The video shows a typical Tel Aviv family sitting down for their Shabbat meal, with the parents expressing horror when their 18 year-old daughter announces that she plans to vote for the Joint List. “The ARABS?!” they chorus. At that point strangers start bursting into their home: first someone representing the Likud who hands the father a copy of the pro-Netanyahu Yisrael Hayom (“it’s free”) and asks if the family had heard about the danger posed by Iran. Then a robotic couple representing the Zionist Union comes in, parroting a platform that amounts to “we have no plan, but don’t vote for him because he’s a bad man.” Then a Yair Lapid type comes in like a rock star, shouting, “Hello, Middle Class! Nu, where’s the money? Here, take a mobile phone!” And finally a Naftali Bennett representative comes in, shouting “Dudes! Gut shabbes!” He sits on the table and helps himself to the family’s meal.
The exasperated father orders them all out of his home, at which point Oudeh walks in and gently asks, “Hey, what’s all the noise about?” The other party reps scuttle out of the apartment, muttering about Arabs, while the father and mother thank their “neighbor.” No problem, answers Oudeh. We all live in the same building together and we all want the same thing: “Equal rights, peace and quiet.” In response, the father smiles and says, “Hey, you should run for Knesset!”
But isn’t the United Arab List laden with internal contradictions? Socialist Bill Crane noted:
…this united front is deeply contradictory. Many who follow Palestinian events were wondering on the eve of the elections how a party whose candidates included left-wing feminists from Hadash and practicing polygamists from the Islamic Movement could have much of a future.
As Palestinian journalist Linah Alsaafin has pointed out, this contradiction is just one of the question marks hovering over the United Arab List. Any Palestine solidarity activist must question party leader Ayman Odeh, who late in the election cycle deliberately equivocated over whether the United Arab List would enter a government with the Zionist Union and vowed to keep out Netanyahu when Herzog and Livni were the only other realistic options. In any case, his optimism (or opportunism) seems misplaced when there has never been an Arab party in government, and there never will be as long as Israel remains a Jewish state.
Furthermore, the fundamental vision of the UAL leaders itself has to be questioned. Odeh has supported the two-state solution…
That socialists could create a viable political alliance of feminists, nationalists, and Islamists in a struggle for democratic rights is no more ‘contradictory’ than SYRIZA’s decision to ally with the anti-austerity Independent Greeks in their common struggle against their common enemy, the Troika. Interests are what drive political alliances, not ideological compatibility. Crane criticizes Odeh for advocating a two-state solution but does not acknowledge that 77% of the Palestinians oppose abandoning the two-state strategy, an overwhelming majority that cannot be ignored or flouted in an electoral contest.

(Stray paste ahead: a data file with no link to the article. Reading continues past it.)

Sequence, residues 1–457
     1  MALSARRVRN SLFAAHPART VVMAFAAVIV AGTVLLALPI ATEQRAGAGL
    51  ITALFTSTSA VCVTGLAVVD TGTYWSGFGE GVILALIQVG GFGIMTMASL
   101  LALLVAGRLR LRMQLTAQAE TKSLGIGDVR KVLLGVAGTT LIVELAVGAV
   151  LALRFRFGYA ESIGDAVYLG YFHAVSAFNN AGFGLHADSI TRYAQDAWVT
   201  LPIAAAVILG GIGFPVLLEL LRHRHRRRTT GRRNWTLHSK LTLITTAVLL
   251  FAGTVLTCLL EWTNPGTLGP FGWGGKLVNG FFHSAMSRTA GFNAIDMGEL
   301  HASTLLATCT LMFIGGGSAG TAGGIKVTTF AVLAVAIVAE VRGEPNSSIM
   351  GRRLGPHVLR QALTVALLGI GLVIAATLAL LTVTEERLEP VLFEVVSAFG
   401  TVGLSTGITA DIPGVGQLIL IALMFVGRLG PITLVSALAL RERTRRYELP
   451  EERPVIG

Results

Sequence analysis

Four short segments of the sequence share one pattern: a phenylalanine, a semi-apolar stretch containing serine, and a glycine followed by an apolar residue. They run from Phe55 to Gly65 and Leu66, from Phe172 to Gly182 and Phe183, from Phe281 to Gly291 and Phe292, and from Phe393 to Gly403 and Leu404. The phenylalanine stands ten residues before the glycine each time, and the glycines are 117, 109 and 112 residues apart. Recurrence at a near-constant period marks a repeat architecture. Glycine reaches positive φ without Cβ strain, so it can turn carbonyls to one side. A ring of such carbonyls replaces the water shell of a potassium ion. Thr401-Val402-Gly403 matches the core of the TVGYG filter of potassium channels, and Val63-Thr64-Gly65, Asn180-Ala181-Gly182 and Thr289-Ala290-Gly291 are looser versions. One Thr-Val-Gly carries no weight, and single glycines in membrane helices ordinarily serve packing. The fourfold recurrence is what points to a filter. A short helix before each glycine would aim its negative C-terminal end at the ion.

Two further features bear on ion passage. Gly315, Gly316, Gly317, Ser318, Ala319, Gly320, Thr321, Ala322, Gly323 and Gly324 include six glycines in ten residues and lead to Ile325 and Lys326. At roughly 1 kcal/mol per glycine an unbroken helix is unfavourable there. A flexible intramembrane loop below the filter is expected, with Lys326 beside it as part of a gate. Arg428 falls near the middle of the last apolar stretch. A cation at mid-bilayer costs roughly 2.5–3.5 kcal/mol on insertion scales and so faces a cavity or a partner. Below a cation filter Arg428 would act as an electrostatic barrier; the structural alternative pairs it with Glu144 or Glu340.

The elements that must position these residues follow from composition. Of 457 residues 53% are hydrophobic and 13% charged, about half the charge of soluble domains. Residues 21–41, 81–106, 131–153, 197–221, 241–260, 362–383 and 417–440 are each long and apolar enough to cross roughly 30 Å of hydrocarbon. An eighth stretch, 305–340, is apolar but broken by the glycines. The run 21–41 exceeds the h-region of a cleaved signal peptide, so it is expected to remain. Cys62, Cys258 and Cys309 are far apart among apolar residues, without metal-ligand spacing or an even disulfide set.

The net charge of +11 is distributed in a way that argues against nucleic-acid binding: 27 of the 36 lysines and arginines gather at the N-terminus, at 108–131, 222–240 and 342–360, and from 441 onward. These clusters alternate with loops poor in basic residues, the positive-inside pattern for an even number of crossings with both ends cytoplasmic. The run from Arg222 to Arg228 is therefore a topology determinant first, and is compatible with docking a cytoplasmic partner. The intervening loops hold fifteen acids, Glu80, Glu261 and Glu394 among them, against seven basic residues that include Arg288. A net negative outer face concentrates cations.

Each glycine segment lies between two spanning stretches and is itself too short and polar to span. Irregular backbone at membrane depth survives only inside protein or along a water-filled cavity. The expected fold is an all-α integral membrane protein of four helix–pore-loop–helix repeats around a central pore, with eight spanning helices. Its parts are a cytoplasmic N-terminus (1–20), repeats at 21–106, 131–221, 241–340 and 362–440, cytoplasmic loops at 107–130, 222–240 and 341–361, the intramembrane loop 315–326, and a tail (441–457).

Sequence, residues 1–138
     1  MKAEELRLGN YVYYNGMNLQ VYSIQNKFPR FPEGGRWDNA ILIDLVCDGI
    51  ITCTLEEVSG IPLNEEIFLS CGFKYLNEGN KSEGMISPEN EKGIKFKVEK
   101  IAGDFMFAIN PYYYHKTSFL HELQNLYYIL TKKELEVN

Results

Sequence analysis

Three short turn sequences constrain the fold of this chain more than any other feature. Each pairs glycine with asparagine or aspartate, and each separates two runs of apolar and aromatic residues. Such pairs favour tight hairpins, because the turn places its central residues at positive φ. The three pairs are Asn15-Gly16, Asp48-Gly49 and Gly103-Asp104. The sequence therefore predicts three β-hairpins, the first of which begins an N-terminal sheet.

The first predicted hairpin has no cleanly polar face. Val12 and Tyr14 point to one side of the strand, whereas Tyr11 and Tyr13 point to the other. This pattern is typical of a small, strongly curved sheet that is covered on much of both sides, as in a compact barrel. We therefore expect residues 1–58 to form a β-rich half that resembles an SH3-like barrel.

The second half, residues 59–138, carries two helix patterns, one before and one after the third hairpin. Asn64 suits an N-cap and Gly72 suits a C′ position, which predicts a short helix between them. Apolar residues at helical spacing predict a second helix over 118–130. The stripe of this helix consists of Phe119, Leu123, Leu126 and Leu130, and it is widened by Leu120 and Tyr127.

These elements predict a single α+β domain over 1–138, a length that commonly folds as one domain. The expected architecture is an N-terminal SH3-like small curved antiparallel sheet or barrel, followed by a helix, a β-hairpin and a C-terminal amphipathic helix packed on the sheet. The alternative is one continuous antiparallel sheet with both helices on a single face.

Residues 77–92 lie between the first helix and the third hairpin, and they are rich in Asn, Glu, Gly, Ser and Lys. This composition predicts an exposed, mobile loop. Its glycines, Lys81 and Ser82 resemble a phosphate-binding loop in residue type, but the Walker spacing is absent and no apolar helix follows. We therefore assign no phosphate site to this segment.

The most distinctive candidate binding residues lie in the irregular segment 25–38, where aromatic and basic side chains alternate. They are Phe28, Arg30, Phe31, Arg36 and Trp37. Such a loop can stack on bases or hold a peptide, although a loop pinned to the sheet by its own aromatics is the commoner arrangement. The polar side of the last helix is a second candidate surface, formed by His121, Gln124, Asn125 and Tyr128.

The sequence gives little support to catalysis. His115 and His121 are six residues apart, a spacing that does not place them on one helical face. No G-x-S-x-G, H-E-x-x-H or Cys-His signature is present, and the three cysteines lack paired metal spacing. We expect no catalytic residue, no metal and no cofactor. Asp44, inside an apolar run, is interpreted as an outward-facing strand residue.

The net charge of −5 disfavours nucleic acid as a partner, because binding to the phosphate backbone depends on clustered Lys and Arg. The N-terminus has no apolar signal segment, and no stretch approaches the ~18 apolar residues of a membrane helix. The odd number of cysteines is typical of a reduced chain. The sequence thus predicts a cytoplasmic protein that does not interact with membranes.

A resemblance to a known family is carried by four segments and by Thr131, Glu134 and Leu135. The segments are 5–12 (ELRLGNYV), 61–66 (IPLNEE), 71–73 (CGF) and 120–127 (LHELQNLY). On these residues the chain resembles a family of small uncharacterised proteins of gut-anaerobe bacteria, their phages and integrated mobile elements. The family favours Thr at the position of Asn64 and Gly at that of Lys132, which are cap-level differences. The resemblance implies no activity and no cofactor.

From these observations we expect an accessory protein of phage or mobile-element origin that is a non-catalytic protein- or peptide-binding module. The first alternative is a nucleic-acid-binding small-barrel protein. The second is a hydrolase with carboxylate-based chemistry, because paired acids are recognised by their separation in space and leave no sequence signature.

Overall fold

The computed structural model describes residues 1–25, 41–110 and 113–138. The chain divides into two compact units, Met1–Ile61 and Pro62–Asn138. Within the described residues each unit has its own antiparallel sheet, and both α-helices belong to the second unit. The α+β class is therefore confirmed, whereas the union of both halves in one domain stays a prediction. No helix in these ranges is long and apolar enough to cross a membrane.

In any case, supporters of the Palestinian struggle for freedom have no reason to celebrate Bibi’s win. Abunimah is right that Zionist Union would have re-ignited the fruitless and endless process of negotiations between the Israeli government and the Palestinian Authority but wrong for thinking the struggle will become remotely easier with Bibi in power armed with a new, openly racist popular mandate. Similarly, Jeff Harper commenting at Mondoweiss, seems to relish the coming collapse of the Palestinian Authority under Bibi will “usher in the one-state option,” the “genuine and just solution,” the transformation of the existing Israeli state from being a Jewish state “into a democratic state of equal rights for all of its citizens.” Harper is right that the two-state solution is increasingly untenable and may for all intents and purposes be dead thanks to Bibi’s intransigence but wrong to think that a bi-national single state with equal rights for Jews and non-Jews is the emerging and feasible alternative given that Zionist parties that oppose that vision just won over 100 seats in the 120-seat Knesset.
The balance of power between pro- and anti-Zionist (or pro and anti-Palestinian) forces in the world is as unfavorable as it has ever been. The strength of the boycott, divest, and sanction Israel movement and the greater international recognition and support for Palestinian statehood is not growing fast enough either quantitatively or qualitatively to offset the continued settlement of Jerusalem and the West Bank, the continued strangulation of Gaza via blockade, and the interminable, deepening crises and rampant corruption that has beset the Palestinian national liberation movement since Oslo. Simply put, the pace of colonization continues to outpace the speed of solidarity.
So if there is anything about the Israeli elections worth celebrating, it’s Ayman Oudeh, not Benjamin Netanyahu.